Articles

Dietary influences of evening primrose and fish oil on the skin of essential fatty acid-deficient guinea pigs.

Author

Chapkin RS, Ziboh VA, McCullough JL

Date

8/1987

Journal

J Nutr

Abstract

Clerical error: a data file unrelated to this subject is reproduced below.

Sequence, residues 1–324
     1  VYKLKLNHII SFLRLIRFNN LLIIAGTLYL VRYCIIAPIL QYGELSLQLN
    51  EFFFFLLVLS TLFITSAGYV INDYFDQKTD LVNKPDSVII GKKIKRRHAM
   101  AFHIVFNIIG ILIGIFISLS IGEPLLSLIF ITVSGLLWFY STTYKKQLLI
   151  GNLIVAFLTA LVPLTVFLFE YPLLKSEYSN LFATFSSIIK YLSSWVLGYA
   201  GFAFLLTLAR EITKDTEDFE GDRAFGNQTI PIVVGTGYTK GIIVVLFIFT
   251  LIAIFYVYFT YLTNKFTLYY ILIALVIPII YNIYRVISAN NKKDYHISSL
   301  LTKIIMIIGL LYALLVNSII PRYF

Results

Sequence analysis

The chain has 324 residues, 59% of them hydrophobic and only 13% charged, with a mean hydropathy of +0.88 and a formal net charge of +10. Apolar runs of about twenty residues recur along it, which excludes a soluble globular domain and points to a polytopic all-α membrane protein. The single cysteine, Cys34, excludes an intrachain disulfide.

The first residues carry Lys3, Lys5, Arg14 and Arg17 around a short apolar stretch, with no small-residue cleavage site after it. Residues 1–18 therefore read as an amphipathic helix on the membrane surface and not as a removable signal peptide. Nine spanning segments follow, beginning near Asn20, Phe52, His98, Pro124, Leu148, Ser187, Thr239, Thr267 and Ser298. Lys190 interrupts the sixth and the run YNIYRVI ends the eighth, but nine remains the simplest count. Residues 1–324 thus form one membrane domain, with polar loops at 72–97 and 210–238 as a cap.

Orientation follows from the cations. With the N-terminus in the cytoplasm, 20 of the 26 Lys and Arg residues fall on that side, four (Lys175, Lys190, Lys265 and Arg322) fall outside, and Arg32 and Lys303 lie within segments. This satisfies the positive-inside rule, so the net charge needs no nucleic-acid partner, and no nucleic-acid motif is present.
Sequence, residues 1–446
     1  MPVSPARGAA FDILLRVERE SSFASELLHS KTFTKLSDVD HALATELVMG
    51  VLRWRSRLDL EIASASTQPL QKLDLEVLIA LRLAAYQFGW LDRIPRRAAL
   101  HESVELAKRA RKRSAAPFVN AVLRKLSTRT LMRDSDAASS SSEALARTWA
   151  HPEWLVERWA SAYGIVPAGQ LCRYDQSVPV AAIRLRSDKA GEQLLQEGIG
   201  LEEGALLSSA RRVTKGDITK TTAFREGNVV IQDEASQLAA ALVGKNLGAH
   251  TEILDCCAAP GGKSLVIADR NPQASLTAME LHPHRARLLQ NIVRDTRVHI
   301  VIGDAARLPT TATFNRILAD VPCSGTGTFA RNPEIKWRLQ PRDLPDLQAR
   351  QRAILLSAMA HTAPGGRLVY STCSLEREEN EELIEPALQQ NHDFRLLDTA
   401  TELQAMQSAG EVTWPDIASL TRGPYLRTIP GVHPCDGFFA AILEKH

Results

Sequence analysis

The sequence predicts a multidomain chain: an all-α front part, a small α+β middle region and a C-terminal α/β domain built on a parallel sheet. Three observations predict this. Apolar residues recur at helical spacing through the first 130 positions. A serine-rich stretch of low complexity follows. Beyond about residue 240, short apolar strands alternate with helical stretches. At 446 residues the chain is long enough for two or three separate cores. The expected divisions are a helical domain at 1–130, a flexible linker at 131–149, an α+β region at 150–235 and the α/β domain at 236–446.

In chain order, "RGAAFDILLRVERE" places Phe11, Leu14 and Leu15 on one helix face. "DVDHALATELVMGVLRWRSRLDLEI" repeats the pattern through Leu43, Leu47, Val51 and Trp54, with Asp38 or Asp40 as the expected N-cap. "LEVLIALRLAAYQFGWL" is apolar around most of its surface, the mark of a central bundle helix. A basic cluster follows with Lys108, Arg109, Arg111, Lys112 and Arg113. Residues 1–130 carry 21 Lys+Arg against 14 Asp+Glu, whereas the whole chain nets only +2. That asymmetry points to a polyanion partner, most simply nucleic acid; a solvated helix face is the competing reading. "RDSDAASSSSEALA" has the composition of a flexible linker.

There have been reports that certain dietary lipids are capable of regulating cellular inflammation and hyperproliferation. To investigate further the role of dietary manipulation involving gamma- linolenic acid (18:3n-6) and eicosapentaenoic acid (20:5n-3) on hyperproliferative cellular components, the effects of orally administered primrose oil (containing 18:3n-6) and menhaden fish oil (containing 20:5n-3) were tested in a cutaneous system using the essential fatty acid (EFA)-deficient guinea pig fed a hydrogenated coconut oil (HCO) diet. The effects of the dietary crossover regimen were determined on epidermal 1) morphology, 2) DNA synthesis, 3) delta 6- and delta 5-desaturase activities and 4) fatty acid composition of skin and liver lipids. Our results demonstrated that dietary fish oil lacked the capacity to reverse the signs of epidermal hyperproliferation, acanthosis and hypergranulosis that are characteristic of EFA deficiency. In contrast, primrose oil feeding reversed the histological and biochemical signs of hyperproliferation. These results suggest that dietary fish oil, which contains largely the 20:5n-3 fatty acid, lacks EFA-functional properties in the skin. In addition, substitution of HCO with primrose or fish oil after 6 wk revealed incorporation of 18:3n-6 and 20:5n-3 into epidermal lipids, respectively. The significance of these altered epidermal fatty acid profiles is discussed.